Understanding Gut Health and How to Improve it Naturally

True Protein Blog Avatar Fallback reviewed by our Nutrition Team 19 July 2021

An in-depth article to help you navigate the jungle that is our gut microbiome and researched-backed strategies for optimising gut health

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Understanding Gut Health and How to Improve it Naturally

Understanding the gut microbiome and gut health

We have a tiny ecosystem inside of us. This ecosystem spans from our mouth to our stomach and through our intestines, all the way to the other end. This ecosystem is diverse, it has trillions of inhabitants called microbiota. This entire ecosystem and its environment inside of us is our gut microbiome.  

Microbiota are the bacteria, pathogens and other tiny microorganisms colonising our gastrointestinal tract. Microbiota diversity and the level of harmony in which they live correlates with the health of our gut microbiome.  

As individuals, we have a microbial ‘fingerprint’ that is unique to us and us alone. However, it is not static: it develops and fluctuates due to progressive life stages and various lifestyle practices, which can affect it both positively and negatively through normal fluctuations.  


The impact of gut health on your overall wellbeing

Much like a rainforest, the diversity of your unique microbiota directly correlates with the health of this ecosystem (the gut microbiome). 

A persistent imbalance of our gut microbiota is generally referred to as dysbiosis1. Depending on the relative species, in some severe circumstances dysbiosis has been linked to multiple adverse health effects in medically diagnosed conditions such as Inflammatory Bowel Disease (IBD), Irritable Bowel Syndrome (IBS), mental health illnesses, eczema, type 2 diabetes, cancer and obesity1,2,3.

What causes dysbiosis?

Poor diet quality, ‘yo-yo dieting’, certain medications, smoking, illness, minimal exercise, environmental toxins, stress and the use of antibiotics are just some of the lifestyle factors that can compromise your gut microbiome leading to dysbiosis. Luckily, many of factors contributing to dysbiosis are modifiable.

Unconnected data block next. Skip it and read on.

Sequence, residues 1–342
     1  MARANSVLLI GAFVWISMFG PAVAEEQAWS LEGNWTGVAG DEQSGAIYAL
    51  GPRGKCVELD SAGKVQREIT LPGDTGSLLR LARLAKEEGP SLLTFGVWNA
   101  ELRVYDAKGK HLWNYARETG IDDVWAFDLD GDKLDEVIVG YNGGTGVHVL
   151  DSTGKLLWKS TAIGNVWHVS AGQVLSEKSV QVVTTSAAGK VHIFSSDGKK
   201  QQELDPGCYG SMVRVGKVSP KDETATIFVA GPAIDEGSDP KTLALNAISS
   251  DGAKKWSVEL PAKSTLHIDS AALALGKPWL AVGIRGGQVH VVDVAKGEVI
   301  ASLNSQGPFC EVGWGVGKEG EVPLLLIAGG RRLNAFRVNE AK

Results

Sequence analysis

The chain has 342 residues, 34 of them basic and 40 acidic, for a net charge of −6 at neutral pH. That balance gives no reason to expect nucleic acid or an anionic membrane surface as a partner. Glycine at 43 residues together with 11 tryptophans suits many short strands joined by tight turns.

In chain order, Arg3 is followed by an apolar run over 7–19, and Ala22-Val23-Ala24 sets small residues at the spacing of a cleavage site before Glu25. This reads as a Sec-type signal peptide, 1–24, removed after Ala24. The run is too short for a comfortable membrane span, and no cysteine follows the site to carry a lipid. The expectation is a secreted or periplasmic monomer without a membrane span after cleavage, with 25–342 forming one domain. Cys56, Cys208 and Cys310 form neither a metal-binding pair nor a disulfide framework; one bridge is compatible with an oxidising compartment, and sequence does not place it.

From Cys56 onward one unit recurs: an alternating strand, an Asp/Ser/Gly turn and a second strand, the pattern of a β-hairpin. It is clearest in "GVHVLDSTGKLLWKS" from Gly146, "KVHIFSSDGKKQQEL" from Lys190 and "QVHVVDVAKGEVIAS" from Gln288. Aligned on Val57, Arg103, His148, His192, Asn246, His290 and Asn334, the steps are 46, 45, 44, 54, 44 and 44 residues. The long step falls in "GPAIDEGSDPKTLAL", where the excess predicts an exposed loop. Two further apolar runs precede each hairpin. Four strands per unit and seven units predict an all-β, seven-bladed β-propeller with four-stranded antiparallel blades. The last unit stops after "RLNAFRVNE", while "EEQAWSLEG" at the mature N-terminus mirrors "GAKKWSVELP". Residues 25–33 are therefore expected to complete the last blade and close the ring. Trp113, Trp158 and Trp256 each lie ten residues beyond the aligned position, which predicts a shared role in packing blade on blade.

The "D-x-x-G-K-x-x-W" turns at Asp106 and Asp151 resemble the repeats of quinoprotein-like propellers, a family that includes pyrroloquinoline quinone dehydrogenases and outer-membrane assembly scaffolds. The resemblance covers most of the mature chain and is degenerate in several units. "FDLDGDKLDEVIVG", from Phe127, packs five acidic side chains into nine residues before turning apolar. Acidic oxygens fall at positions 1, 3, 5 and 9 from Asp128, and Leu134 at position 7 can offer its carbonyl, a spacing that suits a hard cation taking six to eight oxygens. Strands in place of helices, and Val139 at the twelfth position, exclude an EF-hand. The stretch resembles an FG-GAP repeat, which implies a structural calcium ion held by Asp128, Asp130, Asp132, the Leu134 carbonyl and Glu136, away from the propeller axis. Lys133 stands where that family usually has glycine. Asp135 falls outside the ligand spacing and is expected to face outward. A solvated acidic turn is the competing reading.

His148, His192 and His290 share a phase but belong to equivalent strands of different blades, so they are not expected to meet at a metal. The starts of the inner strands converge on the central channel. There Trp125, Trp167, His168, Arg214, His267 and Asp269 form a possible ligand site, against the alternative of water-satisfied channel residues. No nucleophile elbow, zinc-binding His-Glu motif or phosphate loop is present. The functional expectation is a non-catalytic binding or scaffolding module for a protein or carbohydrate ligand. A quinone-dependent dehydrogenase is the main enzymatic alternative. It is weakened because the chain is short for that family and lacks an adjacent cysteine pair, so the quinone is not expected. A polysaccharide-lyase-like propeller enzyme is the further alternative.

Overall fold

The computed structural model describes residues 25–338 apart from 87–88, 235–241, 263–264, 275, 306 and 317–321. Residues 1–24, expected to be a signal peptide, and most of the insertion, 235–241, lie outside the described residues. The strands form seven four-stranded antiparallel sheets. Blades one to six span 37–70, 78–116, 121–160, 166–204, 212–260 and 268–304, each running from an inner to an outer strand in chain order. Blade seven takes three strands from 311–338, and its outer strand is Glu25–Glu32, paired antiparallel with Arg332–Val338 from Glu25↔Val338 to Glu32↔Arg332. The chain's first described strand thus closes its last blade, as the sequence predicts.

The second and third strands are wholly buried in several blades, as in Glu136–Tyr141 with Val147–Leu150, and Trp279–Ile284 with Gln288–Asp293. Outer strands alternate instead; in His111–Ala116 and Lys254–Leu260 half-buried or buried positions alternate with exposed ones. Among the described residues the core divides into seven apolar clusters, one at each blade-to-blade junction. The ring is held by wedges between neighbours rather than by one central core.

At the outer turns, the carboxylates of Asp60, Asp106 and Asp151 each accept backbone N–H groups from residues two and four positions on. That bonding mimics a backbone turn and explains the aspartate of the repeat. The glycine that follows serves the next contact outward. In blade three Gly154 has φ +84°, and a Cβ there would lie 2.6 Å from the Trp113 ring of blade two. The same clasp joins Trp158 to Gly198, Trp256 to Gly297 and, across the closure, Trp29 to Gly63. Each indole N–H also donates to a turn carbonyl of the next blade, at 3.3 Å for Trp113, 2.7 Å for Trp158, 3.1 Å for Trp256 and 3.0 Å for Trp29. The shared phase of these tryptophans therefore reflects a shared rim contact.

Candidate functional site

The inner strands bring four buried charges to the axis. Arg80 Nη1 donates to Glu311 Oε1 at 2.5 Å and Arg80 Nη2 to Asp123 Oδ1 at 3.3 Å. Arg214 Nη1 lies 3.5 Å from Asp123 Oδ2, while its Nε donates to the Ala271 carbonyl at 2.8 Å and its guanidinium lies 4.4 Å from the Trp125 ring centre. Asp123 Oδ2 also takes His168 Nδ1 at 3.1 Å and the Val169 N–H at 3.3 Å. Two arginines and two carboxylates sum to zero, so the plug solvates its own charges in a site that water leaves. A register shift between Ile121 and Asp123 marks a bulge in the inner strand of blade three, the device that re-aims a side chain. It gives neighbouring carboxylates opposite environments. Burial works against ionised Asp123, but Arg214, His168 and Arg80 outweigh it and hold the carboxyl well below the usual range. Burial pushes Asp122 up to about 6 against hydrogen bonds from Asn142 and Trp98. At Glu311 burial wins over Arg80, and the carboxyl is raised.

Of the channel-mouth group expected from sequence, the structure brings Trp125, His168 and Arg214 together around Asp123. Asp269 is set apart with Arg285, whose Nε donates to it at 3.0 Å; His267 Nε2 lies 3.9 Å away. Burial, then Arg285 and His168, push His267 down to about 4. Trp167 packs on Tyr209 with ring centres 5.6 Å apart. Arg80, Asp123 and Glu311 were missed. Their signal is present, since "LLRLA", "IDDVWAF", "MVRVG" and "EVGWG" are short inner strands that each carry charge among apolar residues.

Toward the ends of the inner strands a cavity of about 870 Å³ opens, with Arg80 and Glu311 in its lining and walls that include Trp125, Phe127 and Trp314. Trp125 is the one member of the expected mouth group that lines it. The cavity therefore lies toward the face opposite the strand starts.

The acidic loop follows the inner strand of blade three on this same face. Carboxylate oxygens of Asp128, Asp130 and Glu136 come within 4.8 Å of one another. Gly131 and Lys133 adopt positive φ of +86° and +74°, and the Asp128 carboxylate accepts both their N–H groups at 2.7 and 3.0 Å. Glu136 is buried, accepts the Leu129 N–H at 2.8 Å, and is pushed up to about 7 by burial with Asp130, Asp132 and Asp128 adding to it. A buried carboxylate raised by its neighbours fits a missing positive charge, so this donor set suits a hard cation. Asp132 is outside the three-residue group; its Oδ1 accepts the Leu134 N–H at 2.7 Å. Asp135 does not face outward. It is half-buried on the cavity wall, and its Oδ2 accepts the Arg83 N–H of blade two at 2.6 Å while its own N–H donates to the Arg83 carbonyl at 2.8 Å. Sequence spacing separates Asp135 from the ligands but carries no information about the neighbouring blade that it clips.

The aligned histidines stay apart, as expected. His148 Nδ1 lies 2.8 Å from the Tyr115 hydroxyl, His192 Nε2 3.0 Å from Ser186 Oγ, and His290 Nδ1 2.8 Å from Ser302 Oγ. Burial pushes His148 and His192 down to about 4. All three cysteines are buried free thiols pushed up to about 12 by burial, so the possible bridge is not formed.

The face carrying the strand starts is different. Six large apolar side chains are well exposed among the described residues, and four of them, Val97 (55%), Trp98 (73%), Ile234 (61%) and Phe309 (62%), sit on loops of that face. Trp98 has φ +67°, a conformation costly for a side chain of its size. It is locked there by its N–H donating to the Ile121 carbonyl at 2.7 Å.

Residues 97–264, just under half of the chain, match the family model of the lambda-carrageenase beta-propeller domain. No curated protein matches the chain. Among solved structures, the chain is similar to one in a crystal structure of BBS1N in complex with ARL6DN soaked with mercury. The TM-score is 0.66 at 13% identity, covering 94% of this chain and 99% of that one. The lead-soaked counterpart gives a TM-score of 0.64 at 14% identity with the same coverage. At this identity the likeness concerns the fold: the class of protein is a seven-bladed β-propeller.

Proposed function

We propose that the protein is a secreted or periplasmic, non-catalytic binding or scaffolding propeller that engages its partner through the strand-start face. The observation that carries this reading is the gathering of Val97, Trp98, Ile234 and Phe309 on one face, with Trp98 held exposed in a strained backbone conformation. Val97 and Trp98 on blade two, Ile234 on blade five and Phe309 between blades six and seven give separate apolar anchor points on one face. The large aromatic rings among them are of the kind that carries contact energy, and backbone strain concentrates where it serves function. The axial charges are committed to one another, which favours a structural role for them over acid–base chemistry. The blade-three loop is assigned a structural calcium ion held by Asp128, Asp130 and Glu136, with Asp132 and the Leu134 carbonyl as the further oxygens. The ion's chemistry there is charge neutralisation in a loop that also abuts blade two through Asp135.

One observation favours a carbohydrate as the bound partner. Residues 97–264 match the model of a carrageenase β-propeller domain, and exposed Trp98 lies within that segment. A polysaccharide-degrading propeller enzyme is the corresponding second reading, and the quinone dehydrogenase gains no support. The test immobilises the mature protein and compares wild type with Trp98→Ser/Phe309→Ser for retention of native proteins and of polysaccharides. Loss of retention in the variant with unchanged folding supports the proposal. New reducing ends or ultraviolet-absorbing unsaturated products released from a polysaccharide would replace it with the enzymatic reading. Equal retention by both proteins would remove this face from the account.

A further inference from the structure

Inappropriate use of antibiotics

Antibiotics are generally used to combat pathogenic bacteria within a host. Antibiotic use can form part of essential medical treatment that may be lifesaving.  

Unfortunately, a course of broad-spectrum antibiotics has been shown in research to wipe out beneficial bacteria as well as the pathogens the antibiotics are targeting. This may result in dysbiosis and a subsequent decrease in microbiota diversity, where reports have shown repopulation of some species can take up to four years post antibiotic treatment4 

This is not to say avoid antibiotics altogether, but you may think twice if you regularly jump on antibiotics for the common cold. It is up to you to discuss with your medical doctor about what is appropriate use (and frequency of use) of antibiotics for your health in the long-term. 


How can we support a healthy gut microbiome?

We can take small steps to improve our gut health and encourage a thriving gut microbiome. Did you know, microbial composition can be altered by changing our diet with positive results seen as early as 24 hours?! 

The Food and Mood Centre regularly reviews the scientific evidence and have concluded that having lots of different, diverse types of bacteria living in our gut is a good thing. Such diversity can allow your gut microbiome to be in a better position to fight off and resist pathogens5.

Rather than focusing on a specific strain or amount of ‘good bacteria’, an easier option, as recommended by The Food and Mood Centre, is to focus on broader researched-backed behaviours that promote a well-functioning gut microbiome. This includes eating a healthy and plant-based diet, regularly exercising, having adequate sleep, and reducing your exposure to stress.5


Dietary strategies for Microbiome Diversity

Latest research is pointing to the consumption of whole foods that contain dietary fibre, prebiotics and polyphenols for improved gut microbiome health.  


The Facts on Fibre 

Dietary fibre is a nutrient found in plant foods that is indigestible when we eat it. There are three main types of fibre: 

  • soluble fibre